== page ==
Next Page: What About Cyberspies?

Sadly, 96 percent of all of the attacks were simple and didn't require advanced skills or heavy resources to pull off: Seventy-nine percent of attacks were "opportunistic," according to Verizon, and 97 percent were preventable. "If you take a look at the recommendations section, we pulled out a special cutout for small businesses, and their problems are fairly simple to fix," Porter says. These tips include checking administrative passwords on all point-of-sale systems and eliminating weak passwords.

[ Verizon's annual breach investigations reports have consistently shown that fewer attacks exploit vulnerabilities that could have been patched. See The Curious Case Of Unpatchable Vulnerabilities. ]

Cyberespionage-driven targeted attacks represented only a sliver of the cases in the Verizon DBIR, although it was at its highest in the history of the DBIR, according to Verizon's Porter. Only around 4 percent of breaches included theft of intellectual property. "It's hard to know if intellectual property has been stolen. Our numbers are probably on the low end," he says. "And it's probably happening a lot more often, but organizations don't know about it ... [But] I still think organized crime by far is the highest. It's so simple and easy to do these days."

Richard Bejtlich, CSO at Mandiant, says the low percentage of targeted attacks in the DBIR is likely because the bulk of the cases came from the Secret Service and other law enforcement agencies around the world, who don't typically investigate targeted cases, but more so financially motivated attacks. "At least in our country, [the police] are not working the advanced targeted cases. Those are worked by the FBI," Bejtlich says.

He points to the majority of the victim organizations in the report, which are hospitality and retail comanies, which account for 74 percent of the breaches, he estimates. And 72 percent of the victim organizations have 100 or fewer employees, he says. "These are essentially small companies in hospitality and retail that are helpless," Bejtlich says. "This is a nice complement to our M Trends Report [on advanced targeted attacks] -- we don't work any of [these cases]," he says.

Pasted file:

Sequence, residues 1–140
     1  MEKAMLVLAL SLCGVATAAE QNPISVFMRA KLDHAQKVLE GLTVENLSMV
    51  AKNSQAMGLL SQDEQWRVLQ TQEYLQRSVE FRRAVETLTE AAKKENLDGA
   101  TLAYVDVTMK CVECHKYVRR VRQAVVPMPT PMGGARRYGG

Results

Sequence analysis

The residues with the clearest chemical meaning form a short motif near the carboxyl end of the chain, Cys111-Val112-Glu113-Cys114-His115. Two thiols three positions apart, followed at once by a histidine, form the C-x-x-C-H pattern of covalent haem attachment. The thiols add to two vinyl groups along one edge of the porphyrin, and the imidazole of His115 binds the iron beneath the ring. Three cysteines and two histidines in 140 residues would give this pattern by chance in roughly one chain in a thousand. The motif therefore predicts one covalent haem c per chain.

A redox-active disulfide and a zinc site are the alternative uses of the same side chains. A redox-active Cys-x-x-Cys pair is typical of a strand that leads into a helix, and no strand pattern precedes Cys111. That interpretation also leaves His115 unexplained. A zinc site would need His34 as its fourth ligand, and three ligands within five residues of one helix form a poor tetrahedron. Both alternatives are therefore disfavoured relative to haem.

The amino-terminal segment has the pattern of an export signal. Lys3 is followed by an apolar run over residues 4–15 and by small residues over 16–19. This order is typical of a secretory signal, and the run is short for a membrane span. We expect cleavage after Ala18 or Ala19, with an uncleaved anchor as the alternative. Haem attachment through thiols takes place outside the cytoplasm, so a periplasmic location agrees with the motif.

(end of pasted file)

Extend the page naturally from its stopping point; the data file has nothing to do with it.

The Verizon report also found that 95 percent of stolen data records included personally identifiable information, such as name, contact information, and Social Security number, compared with only 1 percent of the breaches in 2010. That's another indication of just how lucrative that information has become, according to Verizon.

In terms of methods of breach, hacking was No. 1, as the factor in 81 percent of data breaches, versus 50 percent in 2010, and in 99 percent of the data exposed. Malware was used in 69 percent of breaches, compared with 49 percent in 2010, and was employed the exposure of 95 percent of the data records.

Breach discovery is still a major problem, and likely a factor in the amount of damage. More than 90 percent of the time, victim organizations learned from third parties -- mainly law enforcement -- that they had suffered a breach, and breaches are often ongoing for months or years before the victim finds out. Nearly 40 percent of large organizations don't discover a breach for months, according to the report.

"It's disappointing that it takes so long for an organization to discover that they've had a breach," says Current Analysis' DeCarlo. "That shows a lack of progress. It's better the earlier [you discover it] to prevent another one and to also recover and manage the data in some way ... The horse is already out of the barn" if you don't discover a breach until long afterward, she says.

And 96 percent of the victim organizations in the study were not PCI-compliant. Mandiant's Bejtlich says PCI compliance in many of these cases would have gone a long way to avoid their breaches. "This is a lesson for a lot of these organizations," he says.

Verizon released a snapshot of the report data last month at the RSA Conference in San Francisco -- specifically of data on its own breach investigations. In 90 of its 855 breach cases last year, more than 90 percent came from outsiders rather than a malicious insider or business partner, and more than 85 percent were the result of a hack. Verizon at the time did not release any hacktivist data, but hinted that it was a big factor.

The full 2012 Verizon DBIR is available here for download (PDF).

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Kelly Jackson Higgins is the Executive Editor of Dark Reading. She is an award-winning veteran technology and business journalist with more than two decades of experience in reporting and editing for various publications, including Network Computing, Secure Enterprise ... View Full Bio